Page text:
Cattle Dog Digital’s Transparency Culture
Richard says that at Cattle Dog Digital, “You can be open and transparent with the key stakeholders, you can talk plainly and without fear of judgment”. Richard feels that, “even if someone has an idea that we won’t pursue, they’ll challenge you but it’s never a bad idea and they will support it and learn from aspects of it.” He says that is what a good leadership culture should be like. Richard explains, “you don’t have to agree all the time and nor should you, however it is important that you can talk openly about it and feel safe.” At Cattle Dog Digital, Richards says the team’s drive to better their ecosystem is so unique. He shares, “the team’s strategy behind what they are pulling together is great, as they want value to be at the core of everything.”
“Part of my role is having that radar and making sure customers walk away satisfied that they have an improved system… part of my working mantra is working to make a difference either to the business or customer.”
-Richard O’Brien, RevOps Manager, Cattle Dog Digital
Richard’s Role as the RevOps Manager
Richard is a part of the core RevOps team. He says that at Cattle Dog Digital, “We don’t operate in siloed spaces,” which is exciting as he is able to work with a pack of brilliant people. Richard explains that part of his role is, “Understanding customers and understanding what makes them tick.” He aims to keep his ears open to customer insight which gives him more opportunities to improve their journey. Richard says that, “Part of my role is having that radar and making sure customers walk away satisfied that they have an improved system… part of my working mantra is working to make a difference either to the business or customer.”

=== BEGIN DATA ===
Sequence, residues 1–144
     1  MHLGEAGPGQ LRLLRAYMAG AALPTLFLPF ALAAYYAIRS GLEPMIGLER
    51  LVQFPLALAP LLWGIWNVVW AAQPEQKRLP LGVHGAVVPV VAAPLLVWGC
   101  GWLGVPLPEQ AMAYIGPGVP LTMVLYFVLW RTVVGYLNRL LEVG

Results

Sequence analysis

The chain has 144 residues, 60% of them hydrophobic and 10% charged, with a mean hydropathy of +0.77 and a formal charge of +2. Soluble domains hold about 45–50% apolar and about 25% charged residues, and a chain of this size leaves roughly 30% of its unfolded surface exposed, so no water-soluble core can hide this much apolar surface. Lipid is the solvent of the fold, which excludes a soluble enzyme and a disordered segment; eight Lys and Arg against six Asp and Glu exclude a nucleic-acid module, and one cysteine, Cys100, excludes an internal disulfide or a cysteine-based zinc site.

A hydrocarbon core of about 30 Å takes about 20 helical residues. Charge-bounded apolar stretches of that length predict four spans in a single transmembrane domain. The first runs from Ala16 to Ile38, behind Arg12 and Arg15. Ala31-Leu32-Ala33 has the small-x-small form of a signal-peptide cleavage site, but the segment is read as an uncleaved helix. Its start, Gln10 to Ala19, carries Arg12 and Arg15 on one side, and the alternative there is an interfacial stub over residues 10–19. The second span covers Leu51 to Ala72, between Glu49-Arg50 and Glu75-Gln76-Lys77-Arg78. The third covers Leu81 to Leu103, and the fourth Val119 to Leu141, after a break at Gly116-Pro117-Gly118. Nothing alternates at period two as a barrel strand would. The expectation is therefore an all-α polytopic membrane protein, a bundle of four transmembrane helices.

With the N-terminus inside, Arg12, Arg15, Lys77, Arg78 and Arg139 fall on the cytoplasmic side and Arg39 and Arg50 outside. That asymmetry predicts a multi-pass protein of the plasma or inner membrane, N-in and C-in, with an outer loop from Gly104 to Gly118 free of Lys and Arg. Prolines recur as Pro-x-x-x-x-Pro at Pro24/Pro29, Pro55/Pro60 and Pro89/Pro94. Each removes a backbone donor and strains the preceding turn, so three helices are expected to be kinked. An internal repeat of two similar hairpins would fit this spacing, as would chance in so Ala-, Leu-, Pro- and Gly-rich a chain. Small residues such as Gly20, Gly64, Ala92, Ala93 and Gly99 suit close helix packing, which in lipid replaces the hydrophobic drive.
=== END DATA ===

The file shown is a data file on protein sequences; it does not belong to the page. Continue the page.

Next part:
Looking to the Future
Richard says, “It’s a pretty clean sheet of paper, and I’m not good at drawing pictures but I am open to the possibilities of ‘what if?’” Richard says he is not afraid of change and he is so excited for the opportunity of ‘dot, dot, dot’. He thinks the future of Cattle Dog Digital is going to be larger and greater, and he is excited for what the future holds.
Richard loves skiing and anything to do with the snow. He said in general he just loves ‘going fast.’ Richard is also a part of the CFA and volunteers with the local fire brigade. He loves being there for people, “in their worst moments to support them, and try and make things just that little bit better.” He has a great passion in helping his community. Ricahrd loves music as it has been a big part of his family over his lifetime. He listens to everything from Chopan to The Prodigy and everything in between!
Part of Richard’s family were dairy farmers, so he says that Cattle Dogs could potentially be his favourite as they have good instincts and are hard workers. However, he also likes Border Collies and Poodles, the latter being a favourite of his late mother, as they proved to be highly intelligent and much more than their looks.